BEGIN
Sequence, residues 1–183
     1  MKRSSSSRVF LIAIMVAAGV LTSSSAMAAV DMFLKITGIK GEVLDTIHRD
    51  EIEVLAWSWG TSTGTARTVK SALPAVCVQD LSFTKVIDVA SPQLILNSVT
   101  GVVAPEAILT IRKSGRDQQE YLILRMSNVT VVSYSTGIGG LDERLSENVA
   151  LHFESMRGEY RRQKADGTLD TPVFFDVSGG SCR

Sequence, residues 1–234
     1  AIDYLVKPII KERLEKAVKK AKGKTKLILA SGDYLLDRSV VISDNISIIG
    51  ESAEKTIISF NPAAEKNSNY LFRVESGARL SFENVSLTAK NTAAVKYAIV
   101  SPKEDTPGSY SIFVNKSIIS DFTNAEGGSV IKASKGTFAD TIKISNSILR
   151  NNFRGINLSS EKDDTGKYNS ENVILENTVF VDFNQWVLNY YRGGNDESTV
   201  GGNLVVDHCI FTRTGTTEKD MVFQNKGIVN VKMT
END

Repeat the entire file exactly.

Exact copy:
Sequence, residues 1–183
     1  MKRSSSSRVF LIAIMVAAGV LTSSSAMAAV DMFLKITGIK GEVLDTIHRD
    51  EIEVLAWSWG TSTGTARTVK SALPAVCVQD LSFTKVIDVA SPQLILNSVT
   101  GVVAPEAILT IRKSGRDQQE YLILRMSNVT VVSYSTGIGG LDERLSENVA
   151  LHFESMRGEY RRQKADGTLD TPVFFDVSGG SCR

Sequence, residues 1–234
     1  AIDYLVKPII KERLEKAVKK AKGKTKLILA SGDYLLDRSV VISDNISIIG
    51  ESAEKTIISF NPAAEKNSNY LFRVESGARL SFENVSLTAK NTAAVKYAIV
   101  SPKEDTPGSY SIFVNKSIIS DFTNAEGGSV IKASKGTFAD TIKISNSILR
   151  NNFRGINLSS EKDDTGKYNS ENVILENTVF VDFNQWVLNY YRGGNDESTV
   201  GGNLVVDHCI FTRTGTTEKD MVFQNKGIVN VKMT